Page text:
Photographs serve as timeless reminders of our lives and permanent homes for our precious memories. Without them, recollections fade unnoticed; so we snap pictures through joy and sorrow, to create a visual record of our journey through life. As cameras embedded in our cellphones have become an omnipresent part of our daily routines, the excessive capture of countless photos has damaged our ability to retain that journey at all. When we take pictures, we are transferring the duty of remembering what really happened to an external device. This proliferation of photographic documentation threatens to reshape the foundation of our memories. If these patterns continue, we risk compromising the way we recall life experiences, particularly during pivotal stages of life such as university years.
Our generation is the first one to have the unique privilege of documenting its own youth digitally. No longer solely relying on oral stories from elders; now, intergenerational groups can effortlessly share thousands of pictures capturing real, lived experiences. As university students, the urge to capture every second through the various photo-focused apps on our phones can be overwhelming and almost irresistible in face of the desire for mementos that will be cherished for years to come. But equally pressing is the longing to have real, tangible memories of what being a student at McGill has felt like.
While there’s no harm in snapping a photo of friends enjoying a sunny day outside Redpath, taking 20 more during the same hour might be excessive. Curating a small, meaningful collection of photos holds its own unique beauty.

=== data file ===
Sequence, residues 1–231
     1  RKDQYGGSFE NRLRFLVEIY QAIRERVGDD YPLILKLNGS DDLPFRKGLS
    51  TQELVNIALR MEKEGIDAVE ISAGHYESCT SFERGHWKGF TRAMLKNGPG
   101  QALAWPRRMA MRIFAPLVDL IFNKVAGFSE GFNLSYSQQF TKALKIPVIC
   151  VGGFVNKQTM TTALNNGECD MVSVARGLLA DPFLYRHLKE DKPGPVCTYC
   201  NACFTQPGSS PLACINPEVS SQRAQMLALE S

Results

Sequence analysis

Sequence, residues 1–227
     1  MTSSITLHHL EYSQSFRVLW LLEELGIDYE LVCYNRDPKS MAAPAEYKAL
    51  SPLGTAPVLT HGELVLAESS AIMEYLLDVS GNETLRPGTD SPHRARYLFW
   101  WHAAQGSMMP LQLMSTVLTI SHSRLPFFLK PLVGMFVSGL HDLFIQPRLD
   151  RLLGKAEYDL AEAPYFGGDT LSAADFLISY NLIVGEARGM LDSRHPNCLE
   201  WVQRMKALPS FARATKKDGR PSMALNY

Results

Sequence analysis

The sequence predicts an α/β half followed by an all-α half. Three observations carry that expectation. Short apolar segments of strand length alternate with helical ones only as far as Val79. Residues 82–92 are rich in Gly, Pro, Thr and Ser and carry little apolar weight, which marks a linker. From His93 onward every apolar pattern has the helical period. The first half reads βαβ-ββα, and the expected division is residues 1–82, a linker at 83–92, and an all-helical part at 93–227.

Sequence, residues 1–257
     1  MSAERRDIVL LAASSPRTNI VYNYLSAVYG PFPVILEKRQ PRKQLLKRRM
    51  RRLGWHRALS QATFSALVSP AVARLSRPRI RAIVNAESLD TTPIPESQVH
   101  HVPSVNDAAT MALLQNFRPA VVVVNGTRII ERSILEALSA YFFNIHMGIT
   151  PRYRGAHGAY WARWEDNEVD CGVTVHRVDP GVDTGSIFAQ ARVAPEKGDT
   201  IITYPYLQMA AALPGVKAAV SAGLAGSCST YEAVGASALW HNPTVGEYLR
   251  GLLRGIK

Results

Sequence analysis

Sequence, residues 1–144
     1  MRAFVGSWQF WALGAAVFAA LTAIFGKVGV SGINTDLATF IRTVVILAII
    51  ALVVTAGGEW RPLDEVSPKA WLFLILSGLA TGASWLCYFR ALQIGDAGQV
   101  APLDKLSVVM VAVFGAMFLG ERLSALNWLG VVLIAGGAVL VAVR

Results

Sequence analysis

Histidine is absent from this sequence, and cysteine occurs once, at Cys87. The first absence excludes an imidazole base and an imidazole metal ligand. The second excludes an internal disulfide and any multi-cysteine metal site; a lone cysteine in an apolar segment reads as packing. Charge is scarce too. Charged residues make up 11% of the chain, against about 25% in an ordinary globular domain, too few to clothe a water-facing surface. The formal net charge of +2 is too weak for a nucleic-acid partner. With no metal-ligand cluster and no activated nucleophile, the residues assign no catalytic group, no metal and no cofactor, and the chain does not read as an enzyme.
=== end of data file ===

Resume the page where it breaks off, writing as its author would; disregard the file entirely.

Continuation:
Take a cherished photo of your grandparents, for example. A faded, yellowing polaroid of a smiling face, such a gift because there is only one like it. We imbue these images with significance and value specifically because they are rare and precious. Now imagine what your children will see of your life: Thousands upon thousands of selfies and TikToks, every stage of your adolescence documented in gnarly detail, every piece of documentation made more derivative by the sheer quantity of the rest.
For those who find this argument too sentimental, you can direct your attention to a more immediate and significant concern: The actual remoulding of our memories under the influence of photography. Have you ever attempted to recall an event from a few weeks or months back, and turned to your camera roll to recreate it in your mind? But what happens when, instead of recalling a beautiful experience as it happened, we can only grasp it through the pictures we took of it?
This might seem far-fetched, but our phones are one step ahead of us, employing vocabulary that ontologically relates photographs to our process of memory retention. Photos saved on Snapchat are called “memories,” and the platform notifies users of daily “flashbacks” from their camera roll, serving as reminders of past events. This vocabulary may seem harmless, but with so many lives lived through phone screens, what is there to separate a real memory from one crafted for you by an app?
Research from Yale University indicates that documenting experiences via photography can enhance one’s connection to them by encouraging deeper immersion in the moment. Yet, the smartphone era’s photo abundance risks diluting authenticity as constant picture-taking prioritizes quantity over genuine immersion, potentially compromising the memories formed.
While using a camera as a visual diary is a helpful documentarian practice, it is inevitable that this culture of digital recording will pervade our psychology. Moving through the day with phone in hand, ready to mindlessly snap photos of anything, might seem beneficial to later recollection, but it will only cause harm to our memories in the long run. There is a saying about taking pictures of your food in restaurants: “The phone eats first.” When reflecting on a life documented through the lens of a camera, it may well be that the phone remembers first too.